The unprecedented global cessation caused by the COVID-19 pandemic will have lasting effects on companies worldwide. COVID-19 and the government regulations to control the spread thereof have caused an increasing number of businesses to suspend operations and close down facilities, resulting in substantial losses. Any business owner with a commercial insurance policy that has suffered losses due to COVID-19 should have their policy reviewed immediately by an attorney to determine if they can recover their losses through business interruption insurance. Because insurance companies will attempt to deny claims due to the policy language or exclusions contained therein, it is critical for business owners to understand their policy rights, as well as current and future legal developments in the insurance sector relating to COVID-19, to ensure they are afforded the most protection possible.
I. Business Interruption Insurance and Litigation
Business interruption insurance covers business income that is lost or expenses incurred in the event of a stoppage in business operations due to a disaster, such as hurricanes, earthquakes, fire, or pandemics such as COVID-19. In many cases, business interruption insurance will also cover losses caused by government action, otherwise known as civil authority coverage. While each policy is different, business interruption insurance may cover lost profits, fixed costs, expenses associated with moving to a temporary business location, ingress/egress costs, employee wages, and loan payments, among other things. Each business’ coverage will be determined on a case by case basis, and therefore it is imperative that the policyholder understand their policy, including any time limitations or notice requirements thereunder required to trigger coverage.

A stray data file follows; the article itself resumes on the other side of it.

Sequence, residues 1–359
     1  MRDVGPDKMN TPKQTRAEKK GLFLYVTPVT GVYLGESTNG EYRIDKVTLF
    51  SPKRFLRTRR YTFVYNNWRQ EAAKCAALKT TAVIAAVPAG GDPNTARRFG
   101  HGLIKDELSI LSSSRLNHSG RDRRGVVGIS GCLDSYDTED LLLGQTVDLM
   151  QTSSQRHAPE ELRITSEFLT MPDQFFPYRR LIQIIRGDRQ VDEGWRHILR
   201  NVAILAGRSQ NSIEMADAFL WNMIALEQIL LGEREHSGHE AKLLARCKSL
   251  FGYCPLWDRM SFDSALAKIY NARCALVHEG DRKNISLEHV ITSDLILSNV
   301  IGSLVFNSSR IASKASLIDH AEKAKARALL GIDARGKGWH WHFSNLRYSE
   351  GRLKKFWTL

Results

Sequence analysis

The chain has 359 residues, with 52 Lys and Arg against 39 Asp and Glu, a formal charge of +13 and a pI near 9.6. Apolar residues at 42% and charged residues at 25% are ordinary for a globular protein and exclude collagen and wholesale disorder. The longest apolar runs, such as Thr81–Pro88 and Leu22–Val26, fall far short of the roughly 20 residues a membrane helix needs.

For business owners who have a commercial policy for which the insurer has improperly denied a claim, it may be necessary to bring a lawsuit against the insurer. Each state has different laws regulating the insurance industry and the causes of action that may be brought against insurers. Under Florida law for example, if an insurer improperly denies coverage and the insured has complied with applicable notice requirements, the insured can bring an action to recover monetary damages, such as a breach of contract and/or bad faith claim under Florida Statute § 624.155, among other things. Moreover, in bringing a bad faith claim, if the insured can demonstrate a pattern of wrongful denials by the insurer as to indicate a general business practice, the insured will be able to recover punitive damages against the insurer. In any case where an insured obtains a judgment against an insurer for breach of an insurance policy, the insured will also be entitled to recover its reasonable attorneys’ fees pursuant to Florida Statute § 627.428.